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Commentary Last Updated: Feb 1st, 2007 - 01:00:04

Have Arabs fallen into a divide-and-rule trap?
By Linda S. Heard
Online Journal Contributing Writer

Feb 1, 2007, 00:57

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On Sunday five schoolgirls were killed in Baghdad when mortar shells hit their school. In Kirkuk, 11 civilians were blown up by car bombs, while 250 corpses were discovered in Najaf. The Americans say that they dispensed with 300 �insurgents� on the same day, which means Iraq�s morgues received at least 566 bodies of people who had died violent deaths. This is madness!

A similar sectarian sickness has also infected Lebanon. There, a quarrel in a university caf� last Thursday led to the worst outbreak of Sunni-Shiite fighting since the civil war.

Four were shot dead and over 150 wounded. Earlier there were clashes between rival Christian groups.

Gaza is suffering from the same disease. There, Fatah and Hamas supporters are facing off with gun battles, skirmishes, assassinations and kidnappings having become the norm.

What on earth is going on? Why are Arabs killing Arabs? There are surely enough enemies around without this.

In fact there is no simple answer. The three situations are very different although there are commonalities. The first is occupation.

Obviously, Iraq is occupied by the US and Britain. Gaza is occupied, too. Despite Israel�s physical withdrawal from Gaza, it feels free to come and go as it pleases while the Palestinians have no say over their airspace, coastline or borders.

Lebanon also has a foreign presence on its soil dressed in United Nations garb and is burdened with invasive foreign influences.

The second communality is a weak economy and high unemployment. In the case of Iraqis and Palestinians, they are struggling to survive financially and suffer a lack of basics such as electricity and clean water.

As for Lebanon, it has a $41 billion debt and faces a massive postwar reconstruction bill. Inflation is rising and the government is committed to raising taxes as part of a foreign aid deal.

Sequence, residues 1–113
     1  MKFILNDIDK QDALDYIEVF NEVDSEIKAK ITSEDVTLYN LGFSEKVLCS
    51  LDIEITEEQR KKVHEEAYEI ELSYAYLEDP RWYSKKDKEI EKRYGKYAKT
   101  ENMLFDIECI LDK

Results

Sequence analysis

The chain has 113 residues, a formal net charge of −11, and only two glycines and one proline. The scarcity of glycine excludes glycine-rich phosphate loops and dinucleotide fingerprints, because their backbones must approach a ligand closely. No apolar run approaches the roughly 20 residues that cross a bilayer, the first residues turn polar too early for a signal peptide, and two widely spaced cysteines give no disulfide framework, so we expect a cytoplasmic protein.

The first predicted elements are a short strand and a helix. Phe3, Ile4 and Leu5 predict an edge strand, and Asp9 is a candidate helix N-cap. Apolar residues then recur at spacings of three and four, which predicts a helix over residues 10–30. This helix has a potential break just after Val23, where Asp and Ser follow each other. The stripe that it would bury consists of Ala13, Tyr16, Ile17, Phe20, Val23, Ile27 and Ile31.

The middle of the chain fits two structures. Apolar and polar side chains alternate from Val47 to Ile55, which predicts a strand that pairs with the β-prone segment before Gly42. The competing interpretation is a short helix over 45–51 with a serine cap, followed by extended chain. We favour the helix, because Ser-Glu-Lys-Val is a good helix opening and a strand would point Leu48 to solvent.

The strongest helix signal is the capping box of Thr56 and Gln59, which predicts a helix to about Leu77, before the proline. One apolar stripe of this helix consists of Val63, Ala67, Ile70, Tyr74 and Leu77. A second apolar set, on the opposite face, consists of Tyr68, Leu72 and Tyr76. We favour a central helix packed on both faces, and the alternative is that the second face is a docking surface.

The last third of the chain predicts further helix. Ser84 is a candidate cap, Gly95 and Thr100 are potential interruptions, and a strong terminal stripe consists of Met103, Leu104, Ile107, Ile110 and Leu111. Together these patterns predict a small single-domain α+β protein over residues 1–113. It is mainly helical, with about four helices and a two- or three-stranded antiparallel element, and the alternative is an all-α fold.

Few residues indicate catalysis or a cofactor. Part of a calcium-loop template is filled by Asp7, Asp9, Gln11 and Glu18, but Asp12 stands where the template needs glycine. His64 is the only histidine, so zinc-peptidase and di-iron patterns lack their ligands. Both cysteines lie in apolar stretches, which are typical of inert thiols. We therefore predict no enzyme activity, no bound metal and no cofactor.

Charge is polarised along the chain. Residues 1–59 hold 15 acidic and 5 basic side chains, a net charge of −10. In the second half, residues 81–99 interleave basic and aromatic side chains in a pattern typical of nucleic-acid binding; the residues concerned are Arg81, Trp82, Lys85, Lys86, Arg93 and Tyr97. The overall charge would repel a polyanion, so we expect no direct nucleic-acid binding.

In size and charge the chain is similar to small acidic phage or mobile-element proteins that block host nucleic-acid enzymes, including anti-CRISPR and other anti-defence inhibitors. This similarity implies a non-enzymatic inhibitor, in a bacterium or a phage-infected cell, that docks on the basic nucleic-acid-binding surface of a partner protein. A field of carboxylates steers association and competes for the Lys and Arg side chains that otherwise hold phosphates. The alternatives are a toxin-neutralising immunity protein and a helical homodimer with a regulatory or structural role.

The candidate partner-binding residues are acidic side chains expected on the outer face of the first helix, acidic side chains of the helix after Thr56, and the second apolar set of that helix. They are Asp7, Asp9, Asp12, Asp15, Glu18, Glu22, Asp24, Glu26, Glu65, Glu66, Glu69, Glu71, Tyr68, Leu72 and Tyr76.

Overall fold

Occupation, discomfort, insecurity and the inability to feed, clothe and educate one�s family would produce feelings of anger, frustration and hopelessness in anyone. Unfortunately, unscrupulous leaders often capitalize on those heightened emotions suffered by their followers by channeling them into the use of force to strengthen their own power base.

So in each case, there are varying combinations of foreign interference, hardship, deprivation and a lack of security. Add to that competing belief systems or ideologies and you get an explosive mix.

The last commonality is a government constrained from doing its job effectively.

Iraq�s government is fraught with internal divisions, cut off from the people and out of necessity has to operate from behind high walls. The army and the police force have been infiltrated by militias and death squads while insurgent groups are often allied with foreign fighters.

The pro-Western Lebanese government was undermined when the US and Britain took Israel�s side during the war and refused to call for a cease-fire. Its authority was further challenged when six of its Shiite cabinet members quit in protest against the government�s agreement to a UN tribunal related to the assassination of former Prime Minister Rafik Hariri. It now faces a challenge from Hezbollah-led opposition groups.

As for the democratically elected Hamas-led Palestinian authority, it was doomed from the get-go. After congratulating the Palestinians on holding fair and free elections, the West embarked on a systematic campaign to erode the new government�s credibility. It was starved of funds, vilified as a terrorist entity, isolated and excluded.

At the same time, Fatah chief Mahmoud Abbas received support.

In all three countries under discussion, the US and its allies have firmly allied themselves with one side to the detriment of the other. In Iraq, it�s the Shiites. In Lebanon, the Sunni-Christian alliance while, in the Palestinian territories, Fatah receives preferential treatment in the form of cash and weapons.

Now that I�ve set out a few of the facts I will leave you with the words of Oded Yinon, an Israeli journalist linked to the Israeli Foreign Ministry, written a quarter-of-a-century ago in 1982. I will also leave you to draw your own conclusions.

�The dissolution of Syria and Iraq later on into ethnically or religiously unique areas such as in Lebanon, is Israel�s primary target on the Eastern front in the long run, while the dissolution of the military power of those states serves as the primary short-term target.�

And this is what he has to say about the Palestinians.

�The solution of the problem of the indigenous Arabs will come only when they recognize the existence of Israel in secure borders up to the Jordan River and beyond it, as our existential need in this difficult epoch, the nuclear epoch which we shall soon enter.�

�Every kind of inter-Arab confrontation will assist us . . .� writes Yinon.

I don�t know where he is today but if he�s still alive, he must be rubbing his hands together with glee. Have Arabs fallen into the divide-and-rule trap? Was this the plan all along? A chilling thought, isn�t it?

Linda S. Heard is a British specialist writer on Middle East affairs. She welcomes feedback and can be contacted by email at

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